Here are her comments on the TCM Victory Plan which I have edited slightly in favor of brevity:

October 7, 2016

Dear Ezra, Margeret and Others at TCM:

I read with enthusiastic interest the documents on your website, especially the draft Victory Plan. As someone who’s given my all to fighting for environmental justice as an organizer, attorney and nonprofit director at environmental groups for 30 plus years, I have important feedback to share.

I would like to send you a complimentary copy of my new book, What It Will Take. Rejecting Dead-ends and False Friends in the Fight for the Earth. The book offers a long-time activist’s perspective on why we’ve been losing ground in our struggle for justice and survival. It provides essential context for planning the way forward.

A little more about me: I hold a law degree from the University of Michigan, and worked for environmental groups in Michigan, Connecticut and D.C. before moving to the Pacific Northwest in 1989. In the Northwest, I worked for ten years with the Washington Toxics Coalition, including three as its ED. I then shifted to helping farm worker families in their struggle against exposures to highly toxic farm pesticides, and did that work for 10 years. (With Columbia Legal Services briefly and then the farm worker-led Farm Worker Pesticide Project.)

Input on the Draft Victory Plan

First of all, thank you for:
  • Telling the truth about how dire the situation is and how major our response must be. I discuss in my book the propensity of environmental groups and others to aim low and imply that we’re making adequate progress even though we’re not. I also discuss the dynamics of hope, and how telling the truth is actually the key to generating hope, while sugar-coating things leads to despair.
  • Laying out an aggressive plan of action with lots of excellent ideas.
  • Putting the document out for public input.
I do have some important suggestions for how the plan can be improved. These include the following:

1. The plan needs to better reflect and address the barriers to success that spring from our current economic set-up.

As my book details, we have been blocked in our efforts to create the just and sustainable world we want by the power dynamics inherent in the current economic set-up. Under capitalism, key industries that affect whether basic human needs are met and determine our fate as a species are privately owned and operated for profit. A number of outcomes flow inexorably from this set-up:
  • An elite few at the top of corporations make decisions about what products and services are produced despite profound implications for all of us. They also determine what jobs will exist and where, who will have those jobs, and much more. They hold the reins for very important decisions, and we don’t.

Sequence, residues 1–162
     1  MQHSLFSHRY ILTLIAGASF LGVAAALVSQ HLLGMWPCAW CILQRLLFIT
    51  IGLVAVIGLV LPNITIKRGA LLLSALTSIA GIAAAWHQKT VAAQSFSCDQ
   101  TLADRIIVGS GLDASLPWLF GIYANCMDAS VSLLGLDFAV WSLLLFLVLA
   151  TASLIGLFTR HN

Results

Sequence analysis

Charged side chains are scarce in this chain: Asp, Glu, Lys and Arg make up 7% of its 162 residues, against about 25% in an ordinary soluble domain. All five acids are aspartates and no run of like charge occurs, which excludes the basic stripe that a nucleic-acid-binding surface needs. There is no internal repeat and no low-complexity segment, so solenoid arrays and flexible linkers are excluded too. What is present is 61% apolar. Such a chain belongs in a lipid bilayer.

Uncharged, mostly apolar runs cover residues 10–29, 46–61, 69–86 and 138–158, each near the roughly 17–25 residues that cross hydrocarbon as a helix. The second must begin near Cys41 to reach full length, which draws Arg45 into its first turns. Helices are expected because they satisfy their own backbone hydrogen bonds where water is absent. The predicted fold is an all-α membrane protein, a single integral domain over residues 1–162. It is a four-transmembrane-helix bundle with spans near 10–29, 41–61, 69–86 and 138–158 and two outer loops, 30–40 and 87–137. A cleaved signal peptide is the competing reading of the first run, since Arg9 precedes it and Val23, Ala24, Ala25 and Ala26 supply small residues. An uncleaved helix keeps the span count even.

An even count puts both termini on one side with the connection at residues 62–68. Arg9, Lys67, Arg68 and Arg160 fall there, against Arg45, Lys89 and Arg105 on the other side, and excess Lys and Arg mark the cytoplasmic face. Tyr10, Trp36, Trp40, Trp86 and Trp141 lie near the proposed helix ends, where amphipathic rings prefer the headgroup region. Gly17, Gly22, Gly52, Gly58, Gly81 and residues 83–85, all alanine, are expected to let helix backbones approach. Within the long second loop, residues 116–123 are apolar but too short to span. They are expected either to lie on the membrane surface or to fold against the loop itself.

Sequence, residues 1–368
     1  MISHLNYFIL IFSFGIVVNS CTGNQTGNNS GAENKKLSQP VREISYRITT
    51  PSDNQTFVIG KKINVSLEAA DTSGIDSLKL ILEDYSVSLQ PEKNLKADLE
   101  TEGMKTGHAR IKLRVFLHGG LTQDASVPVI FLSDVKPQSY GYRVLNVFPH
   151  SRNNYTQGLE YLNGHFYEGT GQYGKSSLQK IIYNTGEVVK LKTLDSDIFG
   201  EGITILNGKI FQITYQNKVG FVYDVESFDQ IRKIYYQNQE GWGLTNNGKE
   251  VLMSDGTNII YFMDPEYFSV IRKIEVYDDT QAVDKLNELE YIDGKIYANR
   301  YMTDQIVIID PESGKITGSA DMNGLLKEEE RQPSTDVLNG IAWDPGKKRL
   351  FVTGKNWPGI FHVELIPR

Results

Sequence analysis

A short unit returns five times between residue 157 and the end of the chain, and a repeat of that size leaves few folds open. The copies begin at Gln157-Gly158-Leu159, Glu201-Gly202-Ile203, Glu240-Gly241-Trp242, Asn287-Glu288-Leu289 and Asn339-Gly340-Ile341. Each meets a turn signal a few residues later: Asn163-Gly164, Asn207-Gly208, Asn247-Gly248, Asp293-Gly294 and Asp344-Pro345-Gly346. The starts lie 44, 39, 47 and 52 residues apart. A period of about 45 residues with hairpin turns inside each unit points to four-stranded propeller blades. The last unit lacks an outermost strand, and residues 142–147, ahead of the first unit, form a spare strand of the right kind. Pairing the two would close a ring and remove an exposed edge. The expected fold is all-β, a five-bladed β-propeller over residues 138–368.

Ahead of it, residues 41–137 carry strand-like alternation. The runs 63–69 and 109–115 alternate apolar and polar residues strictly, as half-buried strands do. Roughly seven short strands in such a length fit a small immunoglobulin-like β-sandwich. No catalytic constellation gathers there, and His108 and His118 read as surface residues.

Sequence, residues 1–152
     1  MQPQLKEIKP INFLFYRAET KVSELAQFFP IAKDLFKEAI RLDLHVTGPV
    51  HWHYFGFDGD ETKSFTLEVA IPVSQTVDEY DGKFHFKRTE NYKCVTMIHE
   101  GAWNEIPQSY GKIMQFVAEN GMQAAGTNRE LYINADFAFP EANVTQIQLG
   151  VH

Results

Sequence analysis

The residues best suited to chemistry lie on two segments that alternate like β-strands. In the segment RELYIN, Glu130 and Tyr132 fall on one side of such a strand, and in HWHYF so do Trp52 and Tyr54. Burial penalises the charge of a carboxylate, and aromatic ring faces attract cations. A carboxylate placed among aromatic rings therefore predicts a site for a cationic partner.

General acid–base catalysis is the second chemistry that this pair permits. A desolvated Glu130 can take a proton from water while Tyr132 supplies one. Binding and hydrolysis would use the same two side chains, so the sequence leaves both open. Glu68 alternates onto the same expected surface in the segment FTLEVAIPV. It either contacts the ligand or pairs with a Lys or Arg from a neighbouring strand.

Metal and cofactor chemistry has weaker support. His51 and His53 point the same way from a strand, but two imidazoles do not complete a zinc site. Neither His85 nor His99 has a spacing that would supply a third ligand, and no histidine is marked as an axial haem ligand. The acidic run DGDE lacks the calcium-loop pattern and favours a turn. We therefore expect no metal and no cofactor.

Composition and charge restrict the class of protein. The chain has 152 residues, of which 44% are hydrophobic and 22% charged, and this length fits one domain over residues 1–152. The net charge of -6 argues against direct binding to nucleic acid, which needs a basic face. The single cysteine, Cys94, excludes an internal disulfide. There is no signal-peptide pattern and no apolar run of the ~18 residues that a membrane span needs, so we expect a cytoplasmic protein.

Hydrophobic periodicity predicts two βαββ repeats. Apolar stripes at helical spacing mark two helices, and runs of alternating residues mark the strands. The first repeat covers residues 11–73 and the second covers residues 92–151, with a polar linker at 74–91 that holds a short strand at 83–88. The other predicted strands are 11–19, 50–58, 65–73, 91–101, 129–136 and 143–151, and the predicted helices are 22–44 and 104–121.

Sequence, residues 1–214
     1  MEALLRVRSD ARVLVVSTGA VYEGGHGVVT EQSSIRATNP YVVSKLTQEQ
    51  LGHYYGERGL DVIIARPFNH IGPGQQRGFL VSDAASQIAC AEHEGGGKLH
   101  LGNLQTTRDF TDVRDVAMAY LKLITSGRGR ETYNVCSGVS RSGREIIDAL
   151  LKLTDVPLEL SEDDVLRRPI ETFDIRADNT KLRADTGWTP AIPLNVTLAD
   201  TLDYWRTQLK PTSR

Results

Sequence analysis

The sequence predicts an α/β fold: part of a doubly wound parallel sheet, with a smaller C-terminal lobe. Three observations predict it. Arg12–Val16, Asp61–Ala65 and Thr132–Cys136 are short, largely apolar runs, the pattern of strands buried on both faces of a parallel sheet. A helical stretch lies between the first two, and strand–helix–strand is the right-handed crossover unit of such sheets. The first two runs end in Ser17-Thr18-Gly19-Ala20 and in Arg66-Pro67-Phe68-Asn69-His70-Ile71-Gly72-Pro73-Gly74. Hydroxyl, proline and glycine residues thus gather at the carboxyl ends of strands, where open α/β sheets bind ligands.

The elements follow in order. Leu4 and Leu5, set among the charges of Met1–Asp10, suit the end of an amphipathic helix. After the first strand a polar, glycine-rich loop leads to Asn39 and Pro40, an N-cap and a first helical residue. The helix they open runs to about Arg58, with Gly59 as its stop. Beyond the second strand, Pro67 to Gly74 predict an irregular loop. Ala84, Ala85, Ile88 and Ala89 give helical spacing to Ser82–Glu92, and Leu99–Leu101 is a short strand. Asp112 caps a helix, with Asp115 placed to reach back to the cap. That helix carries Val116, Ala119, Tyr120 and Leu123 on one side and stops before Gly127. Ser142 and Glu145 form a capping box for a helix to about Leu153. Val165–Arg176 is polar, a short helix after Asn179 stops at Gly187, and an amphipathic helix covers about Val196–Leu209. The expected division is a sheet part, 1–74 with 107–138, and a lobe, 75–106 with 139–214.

• Meanwhile most of us work as wage laborers, and though we spend most of our waking hours at work, we have almost no control over our jobs. This subjects us to extortion. We give corporations what they want and/or we keep our heads down and our mouths shut, to get and keep jobs. When people are extortable, we don’t truly have a democracy.
  • On top of having little or no control over jobs, workplace conditions and what we produce with our labor, we also have no control over the profits our work produces. The profits are funneled upwards to the owners of the corporations we work for. That leaves us without the money we need for implementing environmental solutions and doing other things we want. At a time of enormous prosperity, we are forced to endure austerity.
  • Theoretically, we’re supposed to be able to influence the decisions of those at the top through public policies. But corporate owners use the giant profits they accumulate to distort every aspect of how policy decisions are made. Big Money in elections is just a tiny part of the picture. Big Money also buys scientific research, huge PR campaigns, news media outlets, control over higher education, major influence in K-12 education, spies, lobbyists who target legislators, lobbyists who target agencies that implement and enforce laws, lawyers who sue farmers and activists and governments, front groups, experts who pretend to be independent, smear campaigns to discredit independent scientists and effective activists, violence and more. The influence wielded by corporate owners is so pervasive and so insidious, that activists regularly promote solutions or take approaches that are counter-productive because they don’t realize that their perceptions have been manipulated.